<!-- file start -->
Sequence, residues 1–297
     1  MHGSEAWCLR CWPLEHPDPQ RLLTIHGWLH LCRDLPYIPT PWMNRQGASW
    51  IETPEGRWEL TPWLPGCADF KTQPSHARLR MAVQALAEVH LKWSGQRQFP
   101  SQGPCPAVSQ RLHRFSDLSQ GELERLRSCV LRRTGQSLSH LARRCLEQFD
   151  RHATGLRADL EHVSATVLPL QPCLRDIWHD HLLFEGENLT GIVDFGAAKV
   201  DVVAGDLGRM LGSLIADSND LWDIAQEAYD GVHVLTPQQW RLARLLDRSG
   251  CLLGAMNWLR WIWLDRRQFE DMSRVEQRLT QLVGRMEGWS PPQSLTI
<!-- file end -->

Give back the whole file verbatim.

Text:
Sequence, residues 1–297
     1  MHGSEAWCLR CWPLEHPDPQ RLLTIHGWLH LCRDLPYIPT PWMNRQGASW
    51  IETPEGRWEL TPWLPGCADF KTQPSHARLR MAVQALAEVH LKWSGQRQFP
   101  SQGPCPAVSQ RLHRFSDLSQ GELERLRSCV LRRTGQSLSH LARRCLEQFD
   151  RHATGLRADL EHVSATVLPL QPCLRDIWHD HLLFEGENLT GIVDFGAAKV
   201  DVVAGDLGRM LGSLIADSND LWDIAQEAYD GVHVLTPQQW RLARLLDRSG
   251  CLLGAMNWLR WIWLDRRQFE DMSRVEQRLT QLVGRMEGWS PPQSLTI